Integration: Countries offering programmes for expats

  • Nina Unruh /
Published 2019-12-03 13:45

Denmark has just launched a six-month programme to help expatriates integrate. Indeed, leaving everything behind to settle in an entirely new country is never an easy thing to do. Just like Denmark, some countries seek to make things a little easier on expats by providing them with integration courses. Here are the countries that do and the different forms these programs take.

Not all countries have integration programs or courses for expats and those that do, differ in their conceptualization and application of it. For example, integration programs could be basic or advanced, guided by different laws, and differ in content, scope, duration, and target groups. Emphasis of programs could be on social/civic, political, cultural, economic, or religious integration. What is clear is that integration programs are mostly applied in developed countries and there is a consensus in their objectives namely to preserve their particular culture (inclusive of language), economic and social lifestyle and political context and to ensure economic participation of expatriates towards this objective. The European Union is taking a leadership role to design a regional approach to integration but to date there is no consensual model. A new trend noticeable in Europe, is the movement towards mandatory programs for expats, primarily to learn the native languages. Another accompanying trend is that immigration and integration policies are becoming intertwined. 

In general, integration programs are less stringent and more user-friendly for expatriates who are temporary residents, highly skilled, and deemed necessary for national interest. In many cases they are even exempted from mandatory programs. On the other hand, integration programs are very strict, of long duration, and challenging to those who permanently immigrate to a new country.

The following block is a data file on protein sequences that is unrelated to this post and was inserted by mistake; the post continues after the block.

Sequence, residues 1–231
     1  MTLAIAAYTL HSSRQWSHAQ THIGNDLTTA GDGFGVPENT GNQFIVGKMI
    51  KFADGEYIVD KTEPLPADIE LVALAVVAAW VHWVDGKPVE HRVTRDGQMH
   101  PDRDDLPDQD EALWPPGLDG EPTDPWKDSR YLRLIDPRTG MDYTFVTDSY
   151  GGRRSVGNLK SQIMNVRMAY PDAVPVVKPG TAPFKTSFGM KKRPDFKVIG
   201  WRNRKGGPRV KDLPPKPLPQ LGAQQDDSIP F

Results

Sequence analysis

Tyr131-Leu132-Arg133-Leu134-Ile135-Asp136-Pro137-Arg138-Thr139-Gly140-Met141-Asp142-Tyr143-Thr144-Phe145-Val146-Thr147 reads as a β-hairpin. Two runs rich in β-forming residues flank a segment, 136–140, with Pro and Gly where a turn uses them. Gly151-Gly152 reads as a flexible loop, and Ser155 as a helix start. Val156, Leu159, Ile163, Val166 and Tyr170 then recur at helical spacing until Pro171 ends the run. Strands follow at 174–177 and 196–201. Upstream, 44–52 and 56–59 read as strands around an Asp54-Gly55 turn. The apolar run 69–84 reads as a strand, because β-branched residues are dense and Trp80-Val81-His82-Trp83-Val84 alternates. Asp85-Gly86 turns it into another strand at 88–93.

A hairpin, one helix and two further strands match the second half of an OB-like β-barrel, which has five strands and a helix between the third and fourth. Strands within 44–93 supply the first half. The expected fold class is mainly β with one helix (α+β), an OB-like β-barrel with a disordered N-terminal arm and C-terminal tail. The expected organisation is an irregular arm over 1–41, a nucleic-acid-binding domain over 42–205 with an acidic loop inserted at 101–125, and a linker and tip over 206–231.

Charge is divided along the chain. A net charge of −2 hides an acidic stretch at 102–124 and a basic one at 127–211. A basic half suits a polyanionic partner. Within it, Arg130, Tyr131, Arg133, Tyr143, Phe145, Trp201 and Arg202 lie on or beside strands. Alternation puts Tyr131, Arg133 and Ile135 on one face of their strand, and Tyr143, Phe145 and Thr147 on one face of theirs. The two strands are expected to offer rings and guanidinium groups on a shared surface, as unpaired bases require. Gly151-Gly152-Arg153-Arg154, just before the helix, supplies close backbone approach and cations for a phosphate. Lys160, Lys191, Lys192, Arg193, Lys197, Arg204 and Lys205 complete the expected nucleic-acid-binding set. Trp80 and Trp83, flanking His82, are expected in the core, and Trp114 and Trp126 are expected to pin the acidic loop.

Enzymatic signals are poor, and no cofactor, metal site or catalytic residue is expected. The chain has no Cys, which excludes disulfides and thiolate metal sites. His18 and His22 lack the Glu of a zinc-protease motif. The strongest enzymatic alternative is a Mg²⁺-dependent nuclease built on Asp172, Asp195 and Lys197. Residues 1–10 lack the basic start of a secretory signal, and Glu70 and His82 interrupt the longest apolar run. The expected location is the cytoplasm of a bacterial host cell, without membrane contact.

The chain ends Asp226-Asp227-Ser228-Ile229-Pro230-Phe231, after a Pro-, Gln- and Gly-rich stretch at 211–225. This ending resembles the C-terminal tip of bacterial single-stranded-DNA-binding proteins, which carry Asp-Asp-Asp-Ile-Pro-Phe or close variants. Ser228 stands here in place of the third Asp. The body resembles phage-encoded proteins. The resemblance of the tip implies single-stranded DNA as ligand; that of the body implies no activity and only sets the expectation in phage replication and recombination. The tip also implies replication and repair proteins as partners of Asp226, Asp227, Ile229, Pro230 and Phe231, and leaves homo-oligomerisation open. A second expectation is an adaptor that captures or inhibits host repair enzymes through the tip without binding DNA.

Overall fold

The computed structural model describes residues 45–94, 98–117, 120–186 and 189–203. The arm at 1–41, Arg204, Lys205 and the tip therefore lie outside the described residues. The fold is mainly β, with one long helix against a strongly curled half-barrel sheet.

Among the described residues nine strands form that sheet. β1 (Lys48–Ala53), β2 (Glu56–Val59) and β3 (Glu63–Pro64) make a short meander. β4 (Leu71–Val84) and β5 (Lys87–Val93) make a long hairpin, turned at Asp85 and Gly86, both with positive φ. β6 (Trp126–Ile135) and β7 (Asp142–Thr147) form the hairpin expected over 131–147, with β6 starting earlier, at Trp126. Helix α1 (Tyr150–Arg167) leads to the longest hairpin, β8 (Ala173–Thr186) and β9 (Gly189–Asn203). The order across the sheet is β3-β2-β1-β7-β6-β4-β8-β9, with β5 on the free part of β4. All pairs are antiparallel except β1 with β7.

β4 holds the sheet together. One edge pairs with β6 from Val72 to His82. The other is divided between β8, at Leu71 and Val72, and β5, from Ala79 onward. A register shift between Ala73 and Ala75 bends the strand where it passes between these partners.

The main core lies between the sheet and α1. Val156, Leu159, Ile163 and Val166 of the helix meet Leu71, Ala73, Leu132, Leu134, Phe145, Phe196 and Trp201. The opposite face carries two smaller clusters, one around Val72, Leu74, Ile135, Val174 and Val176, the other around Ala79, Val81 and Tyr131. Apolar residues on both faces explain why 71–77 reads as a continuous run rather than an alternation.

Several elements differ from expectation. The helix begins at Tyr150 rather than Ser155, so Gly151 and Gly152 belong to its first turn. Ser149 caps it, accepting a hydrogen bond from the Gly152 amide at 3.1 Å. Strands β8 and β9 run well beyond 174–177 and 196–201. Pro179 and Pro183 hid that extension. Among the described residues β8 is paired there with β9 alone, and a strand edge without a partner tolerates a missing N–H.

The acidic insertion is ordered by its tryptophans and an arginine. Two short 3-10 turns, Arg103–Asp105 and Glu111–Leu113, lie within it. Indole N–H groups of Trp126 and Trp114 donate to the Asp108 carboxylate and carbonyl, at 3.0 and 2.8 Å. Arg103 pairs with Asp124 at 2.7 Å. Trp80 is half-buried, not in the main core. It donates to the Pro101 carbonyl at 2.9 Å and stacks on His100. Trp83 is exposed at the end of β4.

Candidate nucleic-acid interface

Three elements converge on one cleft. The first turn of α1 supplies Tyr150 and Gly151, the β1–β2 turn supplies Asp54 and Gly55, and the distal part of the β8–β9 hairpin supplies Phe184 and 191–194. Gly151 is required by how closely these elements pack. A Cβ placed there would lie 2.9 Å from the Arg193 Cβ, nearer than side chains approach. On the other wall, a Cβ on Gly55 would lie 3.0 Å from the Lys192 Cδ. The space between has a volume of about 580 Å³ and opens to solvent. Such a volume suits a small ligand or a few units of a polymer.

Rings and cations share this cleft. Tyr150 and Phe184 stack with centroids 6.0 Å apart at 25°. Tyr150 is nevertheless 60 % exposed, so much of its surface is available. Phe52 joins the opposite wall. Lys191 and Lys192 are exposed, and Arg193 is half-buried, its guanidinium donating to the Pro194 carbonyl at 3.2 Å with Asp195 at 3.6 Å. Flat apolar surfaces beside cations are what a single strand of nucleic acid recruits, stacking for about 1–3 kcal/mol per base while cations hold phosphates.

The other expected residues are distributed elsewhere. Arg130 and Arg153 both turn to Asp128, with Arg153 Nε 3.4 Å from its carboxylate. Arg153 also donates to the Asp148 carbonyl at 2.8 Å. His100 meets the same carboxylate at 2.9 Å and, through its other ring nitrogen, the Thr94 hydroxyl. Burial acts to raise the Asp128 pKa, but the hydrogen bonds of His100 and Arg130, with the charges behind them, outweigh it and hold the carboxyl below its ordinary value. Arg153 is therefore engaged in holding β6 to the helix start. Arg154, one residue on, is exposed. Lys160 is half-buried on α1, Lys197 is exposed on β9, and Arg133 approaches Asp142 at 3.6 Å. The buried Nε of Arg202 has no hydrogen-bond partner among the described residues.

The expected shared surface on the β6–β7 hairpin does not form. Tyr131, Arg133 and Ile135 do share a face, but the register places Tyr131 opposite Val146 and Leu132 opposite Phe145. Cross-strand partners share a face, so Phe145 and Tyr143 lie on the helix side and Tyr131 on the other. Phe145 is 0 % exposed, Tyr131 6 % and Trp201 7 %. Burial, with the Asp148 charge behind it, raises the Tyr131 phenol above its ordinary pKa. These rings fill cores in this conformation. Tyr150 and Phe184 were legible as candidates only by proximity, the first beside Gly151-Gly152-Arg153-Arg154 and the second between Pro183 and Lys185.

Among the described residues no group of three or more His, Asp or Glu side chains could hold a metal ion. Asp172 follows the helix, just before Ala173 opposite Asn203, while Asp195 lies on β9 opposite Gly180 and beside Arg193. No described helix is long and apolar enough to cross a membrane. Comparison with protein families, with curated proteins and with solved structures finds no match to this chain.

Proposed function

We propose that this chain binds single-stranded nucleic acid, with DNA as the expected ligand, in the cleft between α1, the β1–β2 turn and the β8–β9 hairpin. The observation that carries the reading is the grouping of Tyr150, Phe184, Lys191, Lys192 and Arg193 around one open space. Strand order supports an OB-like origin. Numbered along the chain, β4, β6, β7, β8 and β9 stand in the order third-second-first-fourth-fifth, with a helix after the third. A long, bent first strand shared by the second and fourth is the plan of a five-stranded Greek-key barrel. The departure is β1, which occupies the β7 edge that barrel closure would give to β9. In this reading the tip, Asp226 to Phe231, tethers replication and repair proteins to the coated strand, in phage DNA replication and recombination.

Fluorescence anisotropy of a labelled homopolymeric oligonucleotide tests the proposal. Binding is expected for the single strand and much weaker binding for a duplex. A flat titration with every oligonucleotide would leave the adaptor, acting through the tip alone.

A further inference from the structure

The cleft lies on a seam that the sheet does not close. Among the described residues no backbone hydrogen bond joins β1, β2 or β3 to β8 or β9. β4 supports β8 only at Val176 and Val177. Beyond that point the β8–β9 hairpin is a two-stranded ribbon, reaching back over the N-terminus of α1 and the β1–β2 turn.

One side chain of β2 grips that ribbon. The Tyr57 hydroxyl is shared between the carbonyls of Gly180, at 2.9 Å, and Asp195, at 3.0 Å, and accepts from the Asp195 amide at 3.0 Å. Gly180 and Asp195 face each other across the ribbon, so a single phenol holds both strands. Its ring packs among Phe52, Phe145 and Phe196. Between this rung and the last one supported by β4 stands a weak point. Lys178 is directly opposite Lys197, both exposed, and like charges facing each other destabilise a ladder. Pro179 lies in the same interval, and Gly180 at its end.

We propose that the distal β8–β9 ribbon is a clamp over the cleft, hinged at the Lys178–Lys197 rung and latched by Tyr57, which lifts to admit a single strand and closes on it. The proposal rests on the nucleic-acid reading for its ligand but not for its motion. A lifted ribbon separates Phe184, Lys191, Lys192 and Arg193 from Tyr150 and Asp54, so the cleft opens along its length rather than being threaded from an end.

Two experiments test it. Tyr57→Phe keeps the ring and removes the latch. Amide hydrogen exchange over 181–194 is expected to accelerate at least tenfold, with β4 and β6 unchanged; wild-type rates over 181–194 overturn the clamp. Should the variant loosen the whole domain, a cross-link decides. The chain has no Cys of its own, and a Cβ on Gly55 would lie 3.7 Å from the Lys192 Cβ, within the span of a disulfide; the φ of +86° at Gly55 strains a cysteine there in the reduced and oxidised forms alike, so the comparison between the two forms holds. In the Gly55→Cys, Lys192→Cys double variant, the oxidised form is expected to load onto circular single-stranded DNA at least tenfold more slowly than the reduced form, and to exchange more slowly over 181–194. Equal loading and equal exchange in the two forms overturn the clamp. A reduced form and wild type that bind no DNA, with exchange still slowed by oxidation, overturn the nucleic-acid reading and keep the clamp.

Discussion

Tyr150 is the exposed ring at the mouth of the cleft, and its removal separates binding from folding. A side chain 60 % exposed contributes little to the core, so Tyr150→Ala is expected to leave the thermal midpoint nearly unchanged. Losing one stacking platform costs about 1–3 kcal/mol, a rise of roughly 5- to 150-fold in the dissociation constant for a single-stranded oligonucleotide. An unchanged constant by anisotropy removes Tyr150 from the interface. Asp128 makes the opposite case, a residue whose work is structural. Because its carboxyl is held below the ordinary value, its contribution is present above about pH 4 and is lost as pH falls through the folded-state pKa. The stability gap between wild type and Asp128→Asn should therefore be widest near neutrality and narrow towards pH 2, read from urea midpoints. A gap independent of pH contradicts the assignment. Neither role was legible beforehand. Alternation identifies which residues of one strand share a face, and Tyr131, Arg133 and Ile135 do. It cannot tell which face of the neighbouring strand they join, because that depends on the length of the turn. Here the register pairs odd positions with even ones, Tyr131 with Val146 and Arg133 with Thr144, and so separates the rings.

Since the late 1990s the Netherlands, Austria, Denmark, France, Germany, and the United Kingdom among others introduced obligatory civic integration courses and tests for newcomers. Today, these courses could last anything between 12 and 24 months and mostly target unskilled expat workers and refugees. In Canada and European countries subjects like anti-discrimination, diversity management, and intercultural dialogue are integrated into programs.  

Examples of Integration Programs

In the context of the above general parameters the following are examples of integration programs with specific requirements.

Denmark and Norway 

Denmark’s integration policy is being developed since 2000 and predominantly focuses on new refugees and immigrants on the basis of family reunification or family formation. Over a period of three years, these newcomers are exposed to education and learning opportunities to learn Danish and to prepare for the labor market. Expats who come to Denmark for the purpose of employment must learn Danish on one of three levels varying between very basic to advanced. After a certain level has been determined, any number of exam-assessed language modules up to six may be taken over three years. Norway has an integration and inclusion policy similar to that of Denmark. It has an introduction program comprising 250 compulsory hours of Norwegian language training and additional social studies classes as a requirement for permanent residency. These classes are often free based on individual circumstances.